The government on Wednesday hiked the minimum support price for paddy by a record Rs 200 per quintal that will cost the exchequer over Rs 15,000 crore, and help fulfil its poll promise to give farmers 50 per cent more rate than their cost of production.
The decision, taken by the Cabinet Committee on Economic Affairs headed by Prime Minister Narendra Modi, comes less than a year before next general election.
The previous highest hike in paddy MSP was Rs 170 a quintal in 2012-13, the election year of UPA-II. In the last four years, the NDA government has raised the paddy MSP between Rs 50-80 per quintal.
While the BJP had promised in 2014 to give farmers a price of 1.5 times of cost, an announcement to give effect to the promise was made in the government's fifth and final annual Budget presented on February 1 this year.
Briefing about the CCEA decision, Home Minister Rajnath Singh said the cabinet has approved the MSP of 14 kharif (summer-sown) crops for the 2018-19 season.
The government's price advisory body CACP has calculated production cost of paddy at Rs 1,166 per quintal and the government has raised the MSP of paddy (common grade) by Rs 200 to Rs 1,750 per quintal for 2018-19 season, he said.
The support price of Grade A variety of paddy has been raised by Rs 180 per quintal to Rs 1,770. The increase in paddy MSP is 50-51 per cent over its production cost.
"This will send a positive message to farmers and boost their confidence and end farm distress," Singh said.
Terming it as a historic decision, the minister said the sharp increase in MSP was done after lot of consideration and "not in hurry". The hike in the MSP will cost the exchequer over Rs 15,000 crore, he added.
"This will increase the income of farmers and purchasing capacity, which will have impact on wider economic activity".
Replying to a queries on likely impact of MSP hike on price rise, Singh said, "We are concerned about inflation. It is not correct to say that inflation will go up. We have controlled inflation in last four years and will succeed in controlling it in future as well".
According to the government, the MSP of cotton (medium staple) has been raised to Rs 5,150 from Rs 4,020 and that of cotton (long staple) to Rs 5,450 from 4,320 per quintal.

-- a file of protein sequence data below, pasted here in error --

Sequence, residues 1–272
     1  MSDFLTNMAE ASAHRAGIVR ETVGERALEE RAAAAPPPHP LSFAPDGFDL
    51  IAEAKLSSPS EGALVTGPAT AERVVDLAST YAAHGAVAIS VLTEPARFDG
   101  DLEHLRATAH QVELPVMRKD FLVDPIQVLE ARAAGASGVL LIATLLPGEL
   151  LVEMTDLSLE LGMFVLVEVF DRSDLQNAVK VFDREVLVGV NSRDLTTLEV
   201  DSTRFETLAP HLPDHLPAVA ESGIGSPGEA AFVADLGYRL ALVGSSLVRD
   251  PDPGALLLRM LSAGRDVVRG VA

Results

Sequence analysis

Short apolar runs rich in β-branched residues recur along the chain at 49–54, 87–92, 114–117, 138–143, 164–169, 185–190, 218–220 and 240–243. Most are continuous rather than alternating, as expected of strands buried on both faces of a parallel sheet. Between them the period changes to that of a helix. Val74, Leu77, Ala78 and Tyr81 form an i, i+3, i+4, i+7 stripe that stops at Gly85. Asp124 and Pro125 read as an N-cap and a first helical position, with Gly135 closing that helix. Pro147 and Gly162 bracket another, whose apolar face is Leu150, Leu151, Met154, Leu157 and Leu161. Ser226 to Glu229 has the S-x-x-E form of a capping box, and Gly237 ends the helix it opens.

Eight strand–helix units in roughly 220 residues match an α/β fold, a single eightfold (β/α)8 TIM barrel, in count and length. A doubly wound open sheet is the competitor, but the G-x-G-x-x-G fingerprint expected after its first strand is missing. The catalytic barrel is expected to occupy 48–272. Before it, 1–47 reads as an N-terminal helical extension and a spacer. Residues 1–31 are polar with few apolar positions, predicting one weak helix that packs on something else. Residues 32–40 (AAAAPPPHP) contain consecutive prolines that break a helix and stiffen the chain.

The Commission for Agricultural Costs and Prices has pegged the production cost of medium staple cotton at Rs 3,433 per quintal and the MSP increase is 50 per cent over the cost.
In pulses, tur MSP has been raised to Rs 5,675 per quintal from Rs 5,450, and that of moong to Rs 6,975 per quintal from Rs 5,575. Urad MSP has been hiked to Rs 5,600 from Rs 5,400 per quintal.
The MSP of tur and urad has been raised by up to 66 per cent over their production cost.
Among oilseeds, MSP of soyabean has been increased to Rs 3,399 per quintal from Rs 3,050, while that of groundnut (shell) to Rs 4,890 per quintal from Rs 4,450, sunflower seed to Rs 5,388 per quintal from Rs 4,100, Sesamum to Rs 6,249 per quintal from 5,300 and niger seed to Rs 5,877 per quintal from Rs 4,050.
There has been 50 per cent increase in the MSP of oilseeds over the cost of production.
Asserting that farmers are biggest producers and consumers, Singh said, "After the country's independence, farmers have not got right price for their produce. Farmers were in despair and their plight was understood by the prime minister".
Welcoming the decision, Food Minister Ram Vilas Paswan said, "We will ensure that each grain is bought at MSP. We have fulfilled the promise. The decision is not linked to next year general election".
He also said that people raise concerns when farm prices are raised, who otherwise remain unperturbed when the rates of other consumer goods go up.
The Food Corporation of India, the government's nodal agency for procurement and distribution of foodgrains, buys wheat and rice from farmers at MSP and supply the grains under the food security law.
Paddy is the main kharif (summer sown) crop, the sowing of which has already begun with the onset of southwest monsoon.
India is estimated to have harvested a record foodgrains production at 279.51 million tonnes in the 2017-18 crop year (July-June) on all-time high output of rice, wheat, coarse cereals and pulses.
The announcement of higher MSP coupled with forecast of normal monsoon this year could further boost foodgrains output. However, the higher support price could also fuel food inflation.
Photograph: Jitendra Prakash/Reuters.